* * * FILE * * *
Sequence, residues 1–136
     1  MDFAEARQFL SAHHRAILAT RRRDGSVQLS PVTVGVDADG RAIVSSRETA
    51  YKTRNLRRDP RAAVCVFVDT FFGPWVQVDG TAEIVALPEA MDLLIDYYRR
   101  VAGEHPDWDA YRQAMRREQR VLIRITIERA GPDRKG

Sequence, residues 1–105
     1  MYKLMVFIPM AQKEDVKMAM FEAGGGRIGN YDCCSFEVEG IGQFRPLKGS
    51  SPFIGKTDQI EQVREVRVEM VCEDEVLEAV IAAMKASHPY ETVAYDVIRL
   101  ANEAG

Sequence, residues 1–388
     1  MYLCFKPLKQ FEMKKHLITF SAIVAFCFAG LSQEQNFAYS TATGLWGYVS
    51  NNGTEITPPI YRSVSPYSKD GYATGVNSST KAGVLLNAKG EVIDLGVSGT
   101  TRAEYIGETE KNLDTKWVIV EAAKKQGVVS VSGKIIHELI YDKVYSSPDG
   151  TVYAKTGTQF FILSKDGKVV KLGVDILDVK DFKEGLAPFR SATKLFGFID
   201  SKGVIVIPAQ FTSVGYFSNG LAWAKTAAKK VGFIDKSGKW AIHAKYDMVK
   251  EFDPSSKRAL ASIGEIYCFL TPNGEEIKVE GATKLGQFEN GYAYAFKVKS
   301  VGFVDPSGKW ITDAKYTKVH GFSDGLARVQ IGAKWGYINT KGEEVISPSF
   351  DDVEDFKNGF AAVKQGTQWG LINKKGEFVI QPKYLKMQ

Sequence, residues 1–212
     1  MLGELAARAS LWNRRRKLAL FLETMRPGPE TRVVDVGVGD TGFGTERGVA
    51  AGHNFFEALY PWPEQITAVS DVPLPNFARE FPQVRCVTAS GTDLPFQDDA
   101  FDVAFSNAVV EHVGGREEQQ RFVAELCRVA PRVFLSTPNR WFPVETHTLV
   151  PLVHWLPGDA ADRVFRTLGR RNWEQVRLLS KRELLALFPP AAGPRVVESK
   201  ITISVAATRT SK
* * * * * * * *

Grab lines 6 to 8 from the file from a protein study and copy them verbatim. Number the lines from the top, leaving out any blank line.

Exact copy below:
     1  MYKLMVFIPM AQKEDVKMAM FEAGGGRIGN YDCCSFEVEG IGQFRPLKGS
    51  SPFIGKTDQI EQVREVRVEM VCEDEVLEAV IAAMKASHPY ETVAYDVIRL
   101  ANEAG